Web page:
Minimum Wage Does Not Provide Minimum Standard of Living

People must earn more than minumum wage to afford minimum standard of living.

People must earn more than minumum wage to afford minimum standard of living.

The cost of living has increased for low income earners due to inflation.  According to a study by the Joseph Rowntree Foundation a single person must earn 14,400 pounds a year to be able to afford a minimum standard of living.  That amounts to 7.38 pounds per hour.  The earnings needed by a couple with two children is 26,900 pounds per year.  Taking into consideration that both work full time jobs they would need to earn 7.60 per hour.  The hourly wage needed for a single person and the working parents is considerably higher than the 5.80 per hour minimum wage.

The Center for Research in Social Policy at Loughborough Univeristy conducted the study for the Rowntree Foundation.  They determined how much money it took a person to afford a minimum standard of living such as food, housing, transport, public social activities and a week’s holiday.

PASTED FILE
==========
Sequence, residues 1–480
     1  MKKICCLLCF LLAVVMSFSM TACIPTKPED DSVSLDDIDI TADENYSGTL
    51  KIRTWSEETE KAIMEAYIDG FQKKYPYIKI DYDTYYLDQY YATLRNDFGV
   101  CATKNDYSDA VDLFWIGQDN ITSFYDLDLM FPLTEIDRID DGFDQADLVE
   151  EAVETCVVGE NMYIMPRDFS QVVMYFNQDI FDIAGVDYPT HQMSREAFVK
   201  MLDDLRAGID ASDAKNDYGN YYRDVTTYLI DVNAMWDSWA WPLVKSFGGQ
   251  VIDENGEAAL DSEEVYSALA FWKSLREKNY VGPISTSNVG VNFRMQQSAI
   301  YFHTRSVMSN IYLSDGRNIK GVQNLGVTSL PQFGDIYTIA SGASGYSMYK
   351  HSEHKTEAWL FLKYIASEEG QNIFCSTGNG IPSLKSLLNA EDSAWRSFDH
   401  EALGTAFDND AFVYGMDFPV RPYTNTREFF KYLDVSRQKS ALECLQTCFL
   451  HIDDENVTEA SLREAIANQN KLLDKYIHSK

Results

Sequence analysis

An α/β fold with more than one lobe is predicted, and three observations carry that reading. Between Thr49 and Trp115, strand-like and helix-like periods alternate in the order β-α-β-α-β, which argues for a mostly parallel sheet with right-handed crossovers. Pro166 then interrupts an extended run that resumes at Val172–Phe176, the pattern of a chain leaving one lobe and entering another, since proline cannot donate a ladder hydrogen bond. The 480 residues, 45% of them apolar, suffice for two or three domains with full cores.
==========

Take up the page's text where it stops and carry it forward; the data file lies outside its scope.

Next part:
“This new research underlines how people living close to the minimum income standard can end up not having enough, if economic trends start going against them,” said one of the report’s authors, David Hirsch of Loughborough University.

Researchers reported the cost of a minimum budget had risen 38 per cent over the past 10 years.  Part of the rise comes from the fact that food has had a 37 per cent increase, bus fare has risen 59 per cent and council tax has risen a whopping 67 per cent.

The consumer price index (CPI) has reported a lower inflation rate than that reported by the RPI.  Since the Government uses CPI figures to raise benefits then people dependent on benefits will find it increasingly difficult to meet their needs.  The RPI takes into consideration things that would allow someone to participate in society such as transportation needs.

“This research shows what ordinary members of the public think is needed – not just to survive but to take part in society,” said Julia Unwin, Chief Executive of the JRF.  “It proves powerful evidence for the new government to use as it develops policies to deal with poverty.”

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